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DC – GUN CONTROL – White House Plan Breaks Taboo: A Focus On Guns And Veteran Suicide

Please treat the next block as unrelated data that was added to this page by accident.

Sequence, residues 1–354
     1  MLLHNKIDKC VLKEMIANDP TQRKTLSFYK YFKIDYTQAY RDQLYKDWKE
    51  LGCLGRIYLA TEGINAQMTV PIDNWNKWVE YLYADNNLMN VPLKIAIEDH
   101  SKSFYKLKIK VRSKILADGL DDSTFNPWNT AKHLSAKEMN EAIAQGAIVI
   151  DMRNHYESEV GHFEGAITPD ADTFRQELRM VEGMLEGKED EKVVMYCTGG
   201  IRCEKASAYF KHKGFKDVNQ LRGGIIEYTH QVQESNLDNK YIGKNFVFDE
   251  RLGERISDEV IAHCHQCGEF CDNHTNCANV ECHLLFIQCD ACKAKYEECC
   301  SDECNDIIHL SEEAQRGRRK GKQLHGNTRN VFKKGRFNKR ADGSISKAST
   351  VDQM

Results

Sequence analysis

This summer the Trump administration rolled out the President’s Roadmap to Empower Veterans and End a National Tragedy of Suicide (PREVENTS) – a long awaited strategy to bring down the rate of suicide in the military and among civilians. It focuses on enlisting community partners and a public awareness campaign to fight the stigma around seeking help during a mental health crisis. Critics in congress have said the plan isn’t proactive enough. But it does address one issue that has been seen as politically taboo: access to guns. Suicide is notoriously difficult to study since it’s a rare event, even as suicide rates for the military and civilians are on the rise. But if there’s one obvious place to fight veterans’ suicide, it’s firearms. Gun owners are four times more likely to die by suicide. Veterans are almost twice as likely to be gun owners, and one study showed that one in three vets store their guns loaded and unlocked. Guns are by far the deadliest method of suicide. But keeping guns away from veterans has been politically radioactive. “People really haven’t wanted to touch the issue of firearms safety,” said Terri Tanielian, a senior behavioral scientist at the RAND corporation. She says the new White House roadmap was a bit disappointing – it took 15 months to endorse a set of recommendations that aren’t very new. But she is happy that the White House plan mentioned “safe storage” of guns. There had been rumors that the powerful gun-rights lobby would get that section removed from the plan. “Now that we’re wading into that water, it is good to see that we are willing to talk about it and engage partners and do something meaningfully on this issue,” Tanielian said. The Department of Veterans Affairs has been talking about gun safety since at least 2013, sometimes putting free trigger-locks in big bowls in the waiting rooms, like lollipops at the doctor’s office. Still, Dr. Matt Miller, director of VA suicide prevention, doesn’t say politically loaded words like “gun control.” “We’re not talking about broad restrictions. We’re talking about lethal-means safety in the context of suicide prevention,” he said.  [full article]

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